Thanks, Marco, for your poem.

Monday, August 21, 2017

The Sun's poem is infinite . . .

      On this day during which many in the US experienced the totality of a solar eclipse, I stayed in Maryland and, on the roof of my condo-building  -- along with one of my sons and two of my granddaughters and an array of neighbors -- saw the darkening as about 80% of the sun was covered by the moon.  This event -- the view of the eclipsed sun, the darkened day -- was far more interesting and exciting than I had expected.
     AND, thanks to my neighbor, poet and translator Yvette Neisser, I have been introduced to some poetry about the sun.  She has shared Solar Poems by Homero Aridjis (City Lights, 2010, translated by George McWhirtier).  Here are several stanzas from the opening poem . . .

The Sun’s poem is infinite, 
we can only paint it in words, 
said the painter

Wednesday, August 16, 2017

Seeking an EQUATION for LOVE . . .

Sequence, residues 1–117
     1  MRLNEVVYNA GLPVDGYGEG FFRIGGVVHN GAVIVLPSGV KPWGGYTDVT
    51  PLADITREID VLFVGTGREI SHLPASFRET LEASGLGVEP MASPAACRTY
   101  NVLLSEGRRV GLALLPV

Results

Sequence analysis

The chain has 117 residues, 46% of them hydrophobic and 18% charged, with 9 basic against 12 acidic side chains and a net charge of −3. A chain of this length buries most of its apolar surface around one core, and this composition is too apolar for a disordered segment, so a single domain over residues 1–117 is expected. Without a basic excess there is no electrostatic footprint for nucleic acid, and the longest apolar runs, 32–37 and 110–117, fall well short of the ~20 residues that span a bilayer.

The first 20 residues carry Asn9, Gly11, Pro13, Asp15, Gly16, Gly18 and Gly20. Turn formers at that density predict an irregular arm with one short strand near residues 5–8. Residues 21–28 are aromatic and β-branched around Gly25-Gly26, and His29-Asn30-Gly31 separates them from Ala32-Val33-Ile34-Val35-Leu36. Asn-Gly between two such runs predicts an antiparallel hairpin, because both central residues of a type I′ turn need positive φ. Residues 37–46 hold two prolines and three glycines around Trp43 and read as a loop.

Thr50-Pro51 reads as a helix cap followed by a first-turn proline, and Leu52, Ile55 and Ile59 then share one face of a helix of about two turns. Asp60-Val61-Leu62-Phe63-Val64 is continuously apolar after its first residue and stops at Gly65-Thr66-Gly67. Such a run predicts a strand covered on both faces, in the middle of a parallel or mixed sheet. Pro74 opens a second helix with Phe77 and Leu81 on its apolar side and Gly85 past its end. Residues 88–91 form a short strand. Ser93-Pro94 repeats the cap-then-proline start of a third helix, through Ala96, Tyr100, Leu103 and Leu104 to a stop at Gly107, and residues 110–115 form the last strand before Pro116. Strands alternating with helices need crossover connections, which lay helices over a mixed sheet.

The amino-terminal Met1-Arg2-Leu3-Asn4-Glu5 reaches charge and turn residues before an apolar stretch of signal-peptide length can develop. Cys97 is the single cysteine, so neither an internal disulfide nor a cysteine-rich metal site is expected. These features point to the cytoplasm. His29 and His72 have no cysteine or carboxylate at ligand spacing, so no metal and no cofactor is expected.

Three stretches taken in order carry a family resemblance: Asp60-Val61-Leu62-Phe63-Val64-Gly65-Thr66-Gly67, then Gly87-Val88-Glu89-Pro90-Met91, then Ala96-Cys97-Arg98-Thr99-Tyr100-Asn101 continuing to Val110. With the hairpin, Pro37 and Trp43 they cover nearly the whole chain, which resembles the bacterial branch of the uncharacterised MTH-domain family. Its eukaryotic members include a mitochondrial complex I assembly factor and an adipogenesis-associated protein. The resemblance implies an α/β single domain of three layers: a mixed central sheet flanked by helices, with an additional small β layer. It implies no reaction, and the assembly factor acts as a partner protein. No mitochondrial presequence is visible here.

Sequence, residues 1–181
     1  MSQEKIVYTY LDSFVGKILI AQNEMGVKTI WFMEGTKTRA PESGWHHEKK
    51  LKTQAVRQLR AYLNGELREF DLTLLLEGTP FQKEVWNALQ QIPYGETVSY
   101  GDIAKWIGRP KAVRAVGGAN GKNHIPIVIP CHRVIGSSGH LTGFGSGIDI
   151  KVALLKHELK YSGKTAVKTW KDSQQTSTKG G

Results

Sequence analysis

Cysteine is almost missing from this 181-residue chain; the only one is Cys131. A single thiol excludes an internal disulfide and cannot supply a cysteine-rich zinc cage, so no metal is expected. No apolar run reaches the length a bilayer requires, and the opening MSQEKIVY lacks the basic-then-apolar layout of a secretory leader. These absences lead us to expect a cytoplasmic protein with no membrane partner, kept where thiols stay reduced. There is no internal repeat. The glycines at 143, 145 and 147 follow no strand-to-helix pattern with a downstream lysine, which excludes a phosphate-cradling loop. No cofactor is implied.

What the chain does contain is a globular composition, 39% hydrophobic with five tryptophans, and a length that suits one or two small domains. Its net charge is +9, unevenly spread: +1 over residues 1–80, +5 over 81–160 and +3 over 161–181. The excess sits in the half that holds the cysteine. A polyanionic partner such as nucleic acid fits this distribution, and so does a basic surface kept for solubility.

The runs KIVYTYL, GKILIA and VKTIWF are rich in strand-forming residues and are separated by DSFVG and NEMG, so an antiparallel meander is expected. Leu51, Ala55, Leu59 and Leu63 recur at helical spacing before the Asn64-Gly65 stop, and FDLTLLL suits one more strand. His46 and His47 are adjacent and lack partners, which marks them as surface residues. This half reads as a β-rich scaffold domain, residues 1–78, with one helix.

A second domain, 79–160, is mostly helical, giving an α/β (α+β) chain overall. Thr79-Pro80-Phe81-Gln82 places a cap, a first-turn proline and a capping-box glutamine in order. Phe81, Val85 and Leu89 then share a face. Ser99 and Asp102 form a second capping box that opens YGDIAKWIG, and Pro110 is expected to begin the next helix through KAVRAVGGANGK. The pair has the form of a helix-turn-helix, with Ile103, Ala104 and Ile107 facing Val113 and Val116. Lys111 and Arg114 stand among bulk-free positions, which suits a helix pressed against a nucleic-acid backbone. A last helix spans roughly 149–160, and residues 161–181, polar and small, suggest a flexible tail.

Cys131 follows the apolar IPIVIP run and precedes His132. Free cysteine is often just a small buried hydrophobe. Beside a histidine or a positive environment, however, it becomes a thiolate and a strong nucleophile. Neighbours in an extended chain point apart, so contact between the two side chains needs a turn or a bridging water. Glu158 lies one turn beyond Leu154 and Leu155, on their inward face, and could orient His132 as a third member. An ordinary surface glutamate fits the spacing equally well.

One of the interesting and fun people I had the good fortune to meet at the 2017 Bridges Math-Arts Conference in Waterloo, Ontario, is Lisa Lajeunesse.  At Capilano University, Lajeunesse teaches a course entitled "Math and Creative Arts" and presented at Bridges a thought-provoking paper entitled "The Golden Ratio:  How Close is Close Enough?"   My close connection with her came because we both were involved in a Bridges 2017 Math-Poetry Reading.  She has given me permission to include her clever and mathy poem here.

  An Equation for Love    by Lisa Lajeunesse     

          They’ve found an equation for love

          It goes something like this
          love equals attraction times compatibility to the power of opportunity
          there’s more of course and there’s been much fiddling
          with coefficients and lesser terms
          involving age, pheromones and duration of eye contact   

Monday, August 14, 2017

The wisdom of grooks . . .